Ali on Campus
In 1969, at the height of racial tensions in the country following the assassination of the Rev. Martin Luther King, Muhammad Ali—by this time stripped of his world heavyweight title due to his opposition to the Vietnam War and subsequent refusal to enlist in the U.S. Army—spoke to a “riveted” Penn State audience, questioning whether equality could ever truly be achieved.
“By nature, black Americans and white Americans will never get along,” Ali said, according to an article the following day in the Daily Collegian. “They’re opposites, like yes and no. If it’s your opposite, it’s your opposition—then it’s your opponent.”
The only peaceful solution to the racial crisis, he asserted, was total separation of the races. “This is not hatred,” he added. “It’s just nature.”
With the death of Ali over the weekend at age 74, remembrances have come from far and wide as those touched by the former champ grieve fondly and openly of a larger than life figure who was outspoken and brash, unapologetic and committed. Those who were among the reported 4,000 at Rec Hall on May 23, 1969, no doubt remember it well.
Among the students there that night was Larry Rubenstein ’71, a sophomore at the time who today is an attorney in New York City.
“It was quite a night,” recalls Rubenstein, who we reached by phone on Monday. Rubenstein was an organizer of the Colloquy series, an event that brought Ali, activist politician Ralph Nader and controversial cartoonist Al Capp to campus for a weekend of speeches and panel discussions on issues ranging from the the racial divide and Vietnam War to women’s rights and the Middle East.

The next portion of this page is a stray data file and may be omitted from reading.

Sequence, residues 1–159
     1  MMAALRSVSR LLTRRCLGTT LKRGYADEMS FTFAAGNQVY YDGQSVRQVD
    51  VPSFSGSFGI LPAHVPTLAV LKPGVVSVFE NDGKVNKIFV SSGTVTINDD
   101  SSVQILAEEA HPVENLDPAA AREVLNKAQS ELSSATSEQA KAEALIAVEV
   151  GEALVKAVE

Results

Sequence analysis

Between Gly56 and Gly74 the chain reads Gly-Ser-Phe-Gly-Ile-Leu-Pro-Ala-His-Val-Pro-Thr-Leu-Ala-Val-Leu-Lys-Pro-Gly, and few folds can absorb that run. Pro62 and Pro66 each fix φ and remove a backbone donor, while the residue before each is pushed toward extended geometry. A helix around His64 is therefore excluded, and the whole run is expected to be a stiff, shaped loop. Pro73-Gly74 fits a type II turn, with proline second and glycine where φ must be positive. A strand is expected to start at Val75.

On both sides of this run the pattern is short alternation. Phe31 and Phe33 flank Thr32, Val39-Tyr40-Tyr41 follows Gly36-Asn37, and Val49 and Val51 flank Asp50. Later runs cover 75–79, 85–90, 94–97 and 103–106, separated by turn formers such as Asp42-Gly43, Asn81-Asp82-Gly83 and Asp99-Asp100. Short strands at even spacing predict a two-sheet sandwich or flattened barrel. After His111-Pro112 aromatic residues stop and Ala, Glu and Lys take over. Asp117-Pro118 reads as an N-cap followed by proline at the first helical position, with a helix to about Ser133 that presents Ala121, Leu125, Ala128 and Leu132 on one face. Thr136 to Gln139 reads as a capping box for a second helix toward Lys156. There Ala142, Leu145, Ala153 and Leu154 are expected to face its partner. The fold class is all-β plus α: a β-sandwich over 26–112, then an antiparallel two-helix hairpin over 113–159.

Ali, then 27, focused on racism, calling it “America’s worst problem,” reinforcing the notion that the only way to maintain peace was through keeping the races separate. Says Rubenstein: “He focused on a nonviolent solution, but he had a real question about how you solved that problem in the face of many in the white population that were not necessarily embracing the advancement of African Americans.”
“It was a very direct and pointed speech, and a speech that had the student population, which at the time very much wanted to see continued advancement in civil rights, just riveted.”
Rubenstein, captured in a Collegian photo with Ali, was among a handful of students who had the chance to meet with Ali before and after the speech. “He was so well respected as a human being and as someone who really helped the county focus on racial problems.”
Though the speech was largely consistent and in the mood of the climate and attitude toward Civil Rights in America, it was controversial in questioning whether integration would work, Rubenstein says. “Yes, I think it was controversial in the way he was questioning the possibility of integration, but he had such humanity and humanity for all human beings—no matter what race—that what he really believed would be the ultimate solution, I don’t know.”
—B.J. Reyes, associate editor